The Department of Social Rights is responsible for the functioning of the monitoring mechanism set up by the European Social Charter: in particular, it provides secretariat to the European Committee of Social Rights (ECSR) in its monitoring tasks (the reporting procedures and the quasi-judicial collective complaints procedure) and to the Governmental Committee of the European Social Charter and European Code of Social Security in ensuring the follow up of the decisions and conclusions of the ECSR, in particular by preparing draft resolutions and recommendations to be adopted by the CM. It is entrusted with bilateral, regional and multilateral cooperation activities with the member States on social rights, as well as communication on the Charter (press, legal professionals, civil society and the public at large, publications) and awareness-raising activities carried out with universities, professional networks, civil society, national human rights institutions, as well as liaison with International Organisations (EU, UN, ILO, etc.). It facilitates and supports action designed to improve the Charter system and the implementation of social rights across Europe, including in the framework of the reform process (conception, implementation and organisation of meetings and other activities). It is also responsible for part of the monitoring of the European Code of Social Security and for the MISSCEO database.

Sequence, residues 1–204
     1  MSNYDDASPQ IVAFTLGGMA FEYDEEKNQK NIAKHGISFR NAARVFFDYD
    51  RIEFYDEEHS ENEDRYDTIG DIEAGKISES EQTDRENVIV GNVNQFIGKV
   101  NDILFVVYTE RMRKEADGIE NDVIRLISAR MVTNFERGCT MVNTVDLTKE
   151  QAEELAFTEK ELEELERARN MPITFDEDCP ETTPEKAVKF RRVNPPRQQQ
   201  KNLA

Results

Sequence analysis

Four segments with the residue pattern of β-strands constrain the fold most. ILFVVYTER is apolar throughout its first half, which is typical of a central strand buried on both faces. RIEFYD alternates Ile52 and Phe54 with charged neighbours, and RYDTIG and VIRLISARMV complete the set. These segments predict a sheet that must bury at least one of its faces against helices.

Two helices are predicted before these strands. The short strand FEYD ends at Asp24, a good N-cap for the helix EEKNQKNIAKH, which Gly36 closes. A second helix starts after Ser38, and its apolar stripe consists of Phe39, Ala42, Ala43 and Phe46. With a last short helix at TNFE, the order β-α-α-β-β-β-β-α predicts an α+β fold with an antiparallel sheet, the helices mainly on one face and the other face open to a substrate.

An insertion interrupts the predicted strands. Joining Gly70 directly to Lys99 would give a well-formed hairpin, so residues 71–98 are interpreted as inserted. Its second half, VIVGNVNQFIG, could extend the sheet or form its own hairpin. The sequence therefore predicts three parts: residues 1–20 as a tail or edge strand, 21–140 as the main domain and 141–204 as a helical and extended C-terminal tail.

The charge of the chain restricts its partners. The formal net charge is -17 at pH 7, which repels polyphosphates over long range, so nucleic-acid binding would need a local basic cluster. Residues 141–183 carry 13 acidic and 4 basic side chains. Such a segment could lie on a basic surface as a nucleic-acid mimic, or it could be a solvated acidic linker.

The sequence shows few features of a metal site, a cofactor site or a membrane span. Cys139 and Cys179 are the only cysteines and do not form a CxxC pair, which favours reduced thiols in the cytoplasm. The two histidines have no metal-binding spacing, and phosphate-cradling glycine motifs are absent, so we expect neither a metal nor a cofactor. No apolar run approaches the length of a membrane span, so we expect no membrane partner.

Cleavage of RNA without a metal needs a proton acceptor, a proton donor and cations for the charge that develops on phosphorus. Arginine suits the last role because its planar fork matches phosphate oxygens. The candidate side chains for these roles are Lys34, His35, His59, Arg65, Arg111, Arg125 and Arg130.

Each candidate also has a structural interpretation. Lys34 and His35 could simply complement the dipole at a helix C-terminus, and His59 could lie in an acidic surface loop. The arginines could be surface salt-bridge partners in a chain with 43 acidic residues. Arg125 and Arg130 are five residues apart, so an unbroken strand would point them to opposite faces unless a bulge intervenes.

Reykjavik Process and Environment

The Department on the Reykjavík Process and the Environment is responsible for the follow up of the Reykjavík Summit Declaration’s Appendix V on the Council of Europe and the Environment, in particular as regards streamlining and coordinating the Organisation’s activities and making the environment a visible priority, with a view to promoting co-operation among member States. The Department serves the Multidisciplinary Group on Environment (GME) and leads the Inter-Secretariat Task Force on the Environment. It provides Secretariat assistance to the unique international instruments protecting the environment and countering the triple planetary crisis of pollution, climate change and loss of biodiversity and its impacts: The Convention on the Conservation of European Wildlife and Natural Habitats (the “Bern Convention”) and the Council of Europe Landscape Convention (the “Florence Convention”).